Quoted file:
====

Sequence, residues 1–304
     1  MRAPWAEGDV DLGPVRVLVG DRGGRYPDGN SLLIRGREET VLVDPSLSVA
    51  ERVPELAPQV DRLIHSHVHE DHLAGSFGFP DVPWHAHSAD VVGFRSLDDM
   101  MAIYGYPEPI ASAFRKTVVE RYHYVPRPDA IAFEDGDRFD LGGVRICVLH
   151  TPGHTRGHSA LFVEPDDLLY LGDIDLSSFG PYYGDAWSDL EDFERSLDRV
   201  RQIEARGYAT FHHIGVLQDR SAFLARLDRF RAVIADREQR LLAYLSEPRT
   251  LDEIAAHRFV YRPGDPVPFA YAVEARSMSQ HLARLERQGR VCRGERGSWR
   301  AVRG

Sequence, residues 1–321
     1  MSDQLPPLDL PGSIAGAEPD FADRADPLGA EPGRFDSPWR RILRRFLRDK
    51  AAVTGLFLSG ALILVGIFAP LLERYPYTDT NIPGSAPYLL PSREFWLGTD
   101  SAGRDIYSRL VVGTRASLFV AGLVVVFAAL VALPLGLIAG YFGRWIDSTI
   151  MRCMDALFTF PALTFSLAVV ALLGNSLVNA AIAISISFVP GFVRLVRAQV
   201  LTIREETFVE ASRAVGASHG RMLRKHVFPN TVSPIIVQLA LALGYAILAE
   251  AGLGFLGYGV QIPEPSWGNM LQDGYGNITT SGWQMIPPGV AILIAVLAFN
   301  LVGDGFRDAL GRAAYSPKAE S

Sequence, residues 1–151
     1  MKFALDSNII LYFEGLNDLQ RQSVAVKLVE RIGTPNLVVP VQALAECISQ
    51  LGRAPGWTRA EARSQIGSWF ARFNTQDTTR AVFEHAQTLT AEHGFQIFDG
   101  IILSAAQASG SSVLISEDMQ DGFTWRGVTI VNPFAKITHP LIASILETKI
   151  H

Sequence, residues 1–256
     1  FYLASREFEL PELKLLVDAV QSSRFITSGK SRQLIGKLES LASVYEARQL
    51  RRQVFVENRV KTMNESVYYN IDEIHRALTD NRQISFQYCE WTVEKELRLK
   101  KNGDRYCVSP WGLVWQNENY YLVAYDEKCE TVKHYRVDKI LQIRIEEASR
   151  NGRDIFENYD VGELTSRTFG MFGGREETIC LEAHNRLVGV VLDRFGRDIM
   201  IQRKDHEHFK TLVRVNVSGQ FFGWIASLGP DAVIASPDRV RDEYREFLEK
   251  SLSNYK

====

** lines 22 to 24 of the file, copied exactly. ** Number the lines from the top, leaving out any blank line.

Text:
Sequence, residues 1–256
     1  FYLASREFEL PELKLLVDAV QSSRFITSGK SRQLIGKLES LASVYEARQL
    51  RRQVFVENRV KTMNESVYYN IDEIHRALTD NRQISFQYCE WTVEKELRLK